Get Dexter is an isometric action puzzle game originally released for the Amstrad CPC in 1986. It was programmed by Remi Herbulot with graphics by Michel Rho. In its native France the game is known as “Crafton & Xunk“, which I always thought was a bizarre title for a video game.
Get Dexter is set in 2912 when a war on Earth is escalating out of control. You play as Dexter, with a strange alien sidekick called Scooter, and are given a mission to find a central computer (The Chamber of Zarxas) in order to copy its memory and save the human race. Which is all a thin veneer for some Ultimate-influenced puzzle-solving and room exploration.
When the game starts you’re give the option of four different control options (1 is directional joystick, 2 is rotational joystick, 3 is directional keys, and 4 is rotational keys) and begin in a random room out of the 50 available.
You wander around each room, exploring, picking stuff up, jumping, avoiding hostile creatures, and moving objects around so that you can reach places you couldn’t get to before. Stacking items on top of each other allows you to create platforms to higher places.
Ultimately you need to assemble an eight-digit access code so that you can download the data from the central computer. To get the code you need to ‘question’ eight scientists by giving them a jab from syringes found within the maze. Knowing how to do this, though, is very difficult without a walkthrough since the instructions give little information.
Dexter has one life and limited energy, and this will be sapped by contacting with hostiles found patrolling the rooms. You can jump over them, destroy them with certain items, and even stand on top of some of them without losing energy. And you can also replenish Dexter‘s energy by connecting to ‘holophonic cabins‘ that are occasionally found in the complex.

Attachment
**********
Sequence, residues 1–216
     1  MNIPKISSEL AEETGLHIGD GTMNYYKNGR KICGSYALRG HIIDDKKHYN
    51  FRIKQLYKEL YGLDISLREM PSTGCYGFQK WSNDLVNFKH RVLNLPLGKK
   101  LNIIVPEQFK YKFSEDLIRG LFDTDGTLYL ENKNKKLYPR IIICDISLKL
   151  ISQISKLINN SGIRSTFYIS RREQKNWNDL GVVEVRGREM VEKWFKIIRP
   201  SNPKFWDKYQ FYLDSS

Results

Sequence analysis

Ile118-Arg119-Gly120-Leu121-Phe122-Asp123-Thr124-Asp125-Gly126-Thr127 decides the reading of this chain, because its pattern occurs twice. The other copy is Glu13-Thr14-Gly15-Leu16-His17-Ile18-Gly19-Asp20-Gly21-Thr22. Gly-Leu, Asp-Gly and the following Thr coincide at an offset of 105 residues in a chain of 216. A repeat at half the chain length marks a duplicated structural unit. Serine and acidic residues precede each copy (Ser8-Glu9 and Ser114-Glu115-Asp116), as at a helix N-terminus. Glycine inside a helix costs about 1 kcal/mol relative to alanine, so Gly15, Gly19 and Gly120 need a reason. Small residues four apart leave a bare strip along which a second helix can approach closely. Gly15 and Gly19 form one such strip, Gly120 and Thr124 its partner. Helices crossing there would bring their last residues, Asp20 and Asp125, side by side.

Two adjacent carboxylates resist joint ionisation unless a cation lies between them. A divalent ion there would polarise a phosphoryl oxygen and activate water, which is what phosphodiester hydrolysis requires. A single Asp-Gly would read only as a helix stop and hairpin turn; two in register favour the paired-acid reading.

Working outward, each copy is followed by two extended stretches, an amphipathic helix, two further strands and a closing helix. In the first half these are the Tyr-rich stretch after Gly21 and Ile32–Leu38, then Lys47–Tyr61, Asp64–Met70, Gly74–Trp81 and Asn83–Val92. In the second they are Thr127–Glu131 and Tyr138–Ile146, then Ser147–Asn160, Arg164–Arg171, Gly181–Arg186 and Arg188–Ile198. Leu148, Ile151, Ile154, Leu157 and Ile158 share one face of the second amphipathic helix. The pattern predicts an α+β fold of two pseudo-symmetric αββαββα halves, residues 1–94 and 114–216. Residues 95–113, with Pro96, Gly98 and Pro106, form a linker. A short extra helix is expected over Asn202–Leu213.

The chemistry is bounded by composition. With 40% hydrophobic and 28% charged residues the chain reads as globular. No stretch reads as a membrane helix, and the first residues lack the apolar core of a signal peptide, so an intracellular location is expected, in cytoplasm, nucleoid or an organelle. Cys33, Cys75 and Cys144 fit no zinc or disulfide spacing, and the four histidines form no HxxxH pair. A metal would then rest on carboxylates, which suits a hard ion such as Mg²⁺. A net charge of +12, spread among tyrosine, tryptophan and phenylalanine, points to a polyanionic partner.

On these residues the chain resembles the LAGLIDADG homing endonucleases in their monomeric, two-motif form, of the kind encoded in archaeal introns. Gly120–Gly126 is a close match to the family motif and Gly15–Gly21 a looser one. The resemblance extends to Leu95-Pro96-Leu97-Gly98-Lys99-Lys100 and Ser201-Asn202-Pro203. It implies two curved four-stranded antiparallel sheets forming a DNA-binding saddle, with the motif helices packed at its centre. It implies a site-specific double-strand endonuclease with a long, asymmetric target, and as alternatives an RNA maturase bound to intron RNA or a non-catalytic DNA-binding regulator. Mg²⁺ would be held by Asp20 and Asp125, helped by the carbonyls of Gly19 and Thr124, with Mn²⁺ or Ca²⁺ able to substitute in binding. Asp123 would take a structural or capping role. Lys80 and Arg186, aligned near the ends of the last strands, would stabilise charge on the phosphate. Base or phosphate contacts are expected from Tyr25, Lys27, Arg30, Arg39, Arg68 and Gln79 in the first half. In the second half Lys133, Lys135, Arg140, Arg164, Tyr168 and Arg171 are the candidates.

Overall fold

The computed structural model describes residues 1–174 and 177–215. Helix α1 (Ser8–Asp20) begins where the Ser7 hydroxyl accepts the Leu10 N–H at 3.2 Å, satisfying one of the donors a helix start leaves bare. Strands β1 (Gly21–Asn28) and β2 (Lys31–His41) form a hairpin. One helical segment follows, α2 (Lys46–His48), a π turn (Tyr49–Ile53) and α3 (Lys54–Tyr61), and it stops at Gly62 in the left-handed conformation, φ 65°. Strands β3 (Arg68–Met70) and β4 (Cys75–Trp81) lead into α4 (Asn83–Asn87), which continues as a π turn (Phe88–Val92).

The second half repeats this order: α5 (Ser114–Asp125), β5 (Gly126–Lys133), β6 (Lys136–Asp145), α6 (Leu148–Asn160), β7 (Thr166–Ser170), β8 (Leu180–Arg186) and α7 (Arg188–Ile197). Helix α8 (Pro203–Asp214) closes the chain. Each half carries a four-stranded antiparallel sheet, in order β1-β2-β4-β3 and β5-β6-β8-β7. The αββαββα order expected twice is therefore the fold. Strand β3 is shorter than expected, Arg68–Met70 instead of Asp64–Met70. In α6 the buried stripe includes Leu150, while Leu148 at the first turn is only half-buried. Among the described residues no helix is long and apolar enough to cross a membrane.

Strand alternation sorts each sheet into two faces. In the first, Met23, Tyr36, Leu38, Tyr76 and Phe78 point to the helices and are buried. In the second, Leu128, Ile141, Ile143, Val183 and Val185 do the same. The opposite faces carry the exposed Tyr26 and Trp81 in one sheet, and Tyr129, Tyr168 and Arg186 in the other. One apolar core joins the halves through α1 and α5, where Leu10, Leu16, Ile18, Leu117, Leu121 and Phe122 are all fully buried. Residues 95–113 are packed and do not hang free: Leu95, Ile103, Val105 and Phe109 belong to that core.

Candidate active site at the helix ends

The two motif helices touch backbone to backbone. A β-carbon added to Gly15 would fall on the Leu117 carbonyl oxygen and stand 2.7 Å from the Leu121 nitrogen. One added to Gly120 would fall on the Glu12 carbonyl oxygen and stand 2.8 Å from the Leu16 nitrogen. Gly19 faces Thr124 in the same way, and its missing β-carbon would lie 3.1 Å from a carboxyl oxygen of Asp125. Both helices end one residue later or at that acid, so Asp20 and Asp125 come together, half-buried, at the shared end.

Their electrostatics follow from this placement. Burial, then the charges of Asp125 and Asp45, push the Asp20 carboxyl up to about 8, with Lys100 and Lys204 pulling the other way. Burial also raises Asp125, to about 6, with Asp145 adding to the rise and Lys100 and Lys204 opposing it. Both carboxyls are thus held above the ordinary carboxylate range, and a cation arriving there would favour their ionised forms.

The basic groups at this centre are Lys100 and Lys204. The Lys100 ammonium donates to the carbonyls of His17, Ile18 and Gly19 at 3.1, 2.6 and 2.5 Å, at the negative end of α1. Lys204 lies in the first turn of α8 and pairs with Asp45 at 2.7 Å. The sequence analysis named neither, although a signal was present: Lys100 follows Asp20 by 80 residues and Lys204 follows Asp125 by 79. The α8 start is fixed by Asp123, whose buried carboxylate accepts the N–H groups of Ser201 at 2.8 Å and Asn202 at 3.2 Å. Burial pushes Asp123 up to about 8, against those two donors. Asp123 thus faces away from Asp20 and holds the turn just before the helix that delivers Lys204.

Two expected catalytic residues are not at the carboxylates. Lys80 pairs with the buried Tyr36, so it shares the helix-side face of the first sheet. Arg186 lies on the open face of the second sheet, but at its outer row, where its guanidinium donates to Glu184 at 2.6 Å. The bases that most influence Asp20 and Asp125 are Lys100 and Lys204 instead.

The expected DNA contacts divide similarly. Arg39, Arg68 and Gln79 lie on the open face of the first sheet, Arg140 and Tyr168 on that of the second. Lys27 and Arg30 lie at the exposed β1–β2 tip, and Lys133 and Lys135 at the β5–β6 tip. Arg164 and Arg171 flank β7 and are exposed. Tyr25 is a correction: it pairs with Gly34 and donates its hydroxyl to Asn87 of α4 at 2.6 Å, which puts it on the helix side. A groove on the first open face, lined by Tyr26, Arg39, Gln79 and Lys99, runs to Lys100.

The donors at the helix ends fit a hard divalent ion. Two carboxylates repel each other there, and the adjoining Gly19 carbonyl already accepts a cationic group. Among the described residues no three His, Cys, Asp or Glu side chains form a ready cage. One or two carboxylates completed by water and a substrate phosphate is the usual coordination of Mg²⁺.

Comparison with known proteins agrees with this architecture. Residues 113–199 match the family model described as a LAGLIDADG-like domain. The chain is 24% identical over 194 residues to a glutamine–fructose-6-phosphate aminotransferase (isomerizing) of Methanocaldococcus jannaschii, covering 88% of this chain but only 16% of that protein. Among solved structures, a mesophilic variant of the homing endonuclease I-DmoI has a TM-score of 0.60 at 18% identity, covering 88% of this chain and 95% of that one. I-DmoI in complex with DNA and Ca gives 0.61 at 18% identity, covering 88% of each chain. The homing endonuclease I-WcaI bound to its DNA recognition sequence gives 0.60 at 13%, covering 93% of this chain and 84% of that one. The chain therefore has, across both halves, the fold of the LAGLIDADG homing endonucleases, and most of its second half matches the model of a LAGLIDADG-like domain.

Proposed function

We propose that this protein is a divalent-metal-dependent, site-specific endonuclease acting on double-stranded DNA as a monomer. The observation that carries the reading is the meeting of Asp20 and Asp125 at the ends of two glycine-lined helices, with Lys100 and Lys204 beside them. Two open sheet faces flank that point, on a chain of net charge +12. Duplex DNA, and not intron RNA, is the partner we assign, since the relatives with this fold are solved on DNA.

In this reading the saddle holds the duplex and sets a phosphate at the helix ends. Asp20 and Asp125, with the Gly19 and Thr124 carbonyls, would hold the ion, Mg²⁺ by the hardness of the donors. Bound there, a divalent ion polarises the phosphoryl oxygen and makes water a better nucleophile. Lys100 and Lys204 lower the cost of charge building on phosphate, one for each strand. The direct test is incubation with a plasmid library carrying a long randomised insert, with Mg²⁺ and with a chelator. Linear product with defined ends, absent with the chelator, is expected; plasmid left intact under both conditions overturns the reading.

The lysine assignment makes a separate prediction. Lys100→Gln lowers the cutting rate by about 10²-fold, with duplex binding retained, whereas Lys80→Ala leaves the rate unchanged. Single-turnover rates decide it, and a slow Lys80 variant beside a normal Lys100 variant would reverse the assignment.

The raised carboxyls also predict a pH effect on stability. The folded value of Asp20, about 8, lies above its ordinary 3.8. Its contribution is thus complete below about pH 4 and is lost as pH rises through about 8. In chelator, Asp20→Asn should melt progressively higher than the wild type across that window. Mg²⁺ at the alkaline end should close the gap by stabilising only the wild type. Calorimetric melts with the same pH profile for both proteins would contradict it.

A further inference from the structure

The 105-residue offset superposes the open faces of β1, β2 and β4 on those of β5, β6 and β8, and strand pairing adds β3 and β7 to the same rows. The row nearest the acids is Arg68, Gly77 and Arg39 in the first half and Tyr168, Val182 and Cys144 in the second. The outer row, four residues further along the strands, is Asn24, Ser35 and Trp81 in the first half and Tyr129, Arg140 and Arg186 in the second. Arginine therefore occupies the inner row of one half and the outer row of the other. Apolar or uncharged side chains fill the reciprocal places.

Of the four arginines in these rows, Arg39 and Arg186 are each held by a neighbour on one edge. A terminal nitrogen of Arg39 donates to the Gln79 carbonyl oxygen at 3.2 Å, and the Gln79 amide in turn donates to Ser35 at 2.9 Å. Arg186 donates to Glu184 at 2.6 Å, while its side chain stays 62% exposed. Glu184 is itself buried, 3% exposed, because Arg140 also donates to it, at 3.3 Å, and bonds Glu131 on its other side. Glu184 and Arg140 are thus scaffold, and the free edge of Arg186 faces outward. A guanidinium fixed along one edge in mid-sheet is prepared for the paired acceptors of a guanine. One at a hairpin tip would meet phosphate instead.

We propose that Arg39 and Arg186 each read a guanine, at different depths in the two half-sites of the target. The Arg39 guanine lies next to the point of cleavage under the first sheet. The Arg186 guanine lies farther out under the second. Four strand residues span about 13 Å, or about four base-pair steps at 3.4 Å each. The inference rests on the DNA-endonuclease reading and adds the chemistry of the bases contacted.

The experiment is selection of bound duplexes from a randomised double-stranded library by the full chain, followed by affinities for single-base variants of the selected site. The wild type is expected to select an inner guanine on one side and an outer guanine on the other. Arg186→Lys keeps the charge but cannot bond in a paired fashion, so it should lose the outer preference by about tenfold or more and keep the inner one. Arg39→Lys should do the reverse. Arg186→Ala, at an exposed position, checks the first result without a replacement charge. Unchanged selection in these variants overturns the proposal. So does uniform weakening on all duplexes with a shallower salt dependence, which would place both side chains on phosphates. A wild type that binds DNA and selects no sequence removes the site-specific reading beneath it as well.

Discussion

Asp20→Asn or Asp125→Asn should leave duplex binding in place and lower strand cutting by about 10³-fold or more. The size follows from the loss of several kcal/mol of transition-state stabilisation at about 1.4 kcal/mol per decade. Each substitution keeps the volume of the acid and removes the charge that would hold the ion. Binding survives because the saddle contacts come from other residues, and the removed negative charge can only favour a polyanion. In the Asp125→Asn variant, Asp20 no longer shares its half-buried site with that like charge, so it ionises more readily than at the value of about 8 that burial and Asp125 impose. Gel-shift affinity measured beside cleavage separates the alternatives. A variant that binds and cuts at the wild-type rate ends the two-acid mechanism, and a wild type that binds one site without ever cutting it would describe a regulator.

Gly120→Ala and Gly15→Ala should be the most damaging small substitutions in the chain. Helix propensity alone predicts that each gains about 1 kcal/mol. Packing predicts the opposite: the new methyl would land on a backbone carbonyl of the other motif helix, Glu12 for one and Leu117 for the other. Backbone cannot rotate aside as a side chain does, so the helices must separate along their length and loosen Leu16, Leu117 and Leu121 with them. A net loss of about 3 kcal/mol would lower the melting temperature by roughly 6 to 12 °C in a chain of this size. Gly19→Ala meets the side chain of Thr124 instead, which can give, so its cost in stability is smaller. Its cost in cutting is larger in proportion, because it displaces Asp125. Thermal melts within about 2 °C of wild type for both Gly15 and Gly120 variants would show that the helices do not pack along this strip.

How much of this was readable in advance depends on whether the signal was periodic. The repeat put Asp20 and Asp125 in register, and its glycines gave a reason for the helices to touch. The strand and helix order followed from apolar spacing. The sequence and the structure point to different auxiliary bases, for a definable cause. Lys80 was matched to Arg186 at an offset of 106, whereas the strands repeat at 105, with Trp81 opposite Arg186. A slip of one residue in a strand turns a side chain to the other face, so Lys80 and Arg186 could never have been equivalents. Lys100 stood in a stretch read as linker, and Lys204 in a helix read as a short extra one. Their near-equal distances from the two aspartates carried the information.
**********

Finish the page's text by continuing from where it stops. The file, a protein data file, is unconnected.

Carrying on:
Graphically, Get Dexter is excellent, with colourful backgrounds and sprites that are a step-up from many of the monochromatic isometric adventures of the time. Many rooms have objects like desks and chairs that will move if you walk into them, giving the game a sandbox feel similar to Fairlight on the ZX Spectrum. Unlike similar games, if you exit a room and re-enter, everything that’s been moved will not reset back to their start positions.
You have some control over your sidekick Scooter (pressing ‘R’ will recall him to you), but generally the little sh*t just seems to get in the way… To be honest I don’t know what the point of him is. I guess at the very least you can sometimes use him as a platform.
Gameplay-wise Get Dexter is interesting, but extremely frustrating at times. Objects move with a degree of realism, and you can pull things (by pressing ‘P’), as well as push things, which you don’t see very often in these kind of games. And you can even walk backwards. Which makes the game a little more involving than many of its peers.
Coloured keycards open the appropriately-coloured doors, although you can only hold one item at a time so you often end up having to do some frantic inventory-juggling to get through certain doors. Thankfully there seem to be multiple copies of most keycards, so if you accidentally leave one behind a door that you can no longer get through there should be others to be found in the maze. That said: I wish the game’s designers had given you more than one inventory slot…
Overall, Get Dexter is a nice little 8-bit isometric action game and arguably one of the best original releases on the Amstrad CPC. The game has some nice hidden touches, like the beds that you can bounce on (and which can also permanently break if you bounce on them too much), or the fans that blow you upwards. And also the fact that you can pin hostile men in place with bottles of booze, and hostile women with roses. It’s just a pity the objectives of the game are so obscure, and the gameplay so hair-tearingly frustrating, but these were the standards of the time.
Get Dexter was published by ERE Informatique in France and PSS in Britain. A sequel, called Get Dexter 2, was released in 1988.
More: Get Dexter on Wikipedia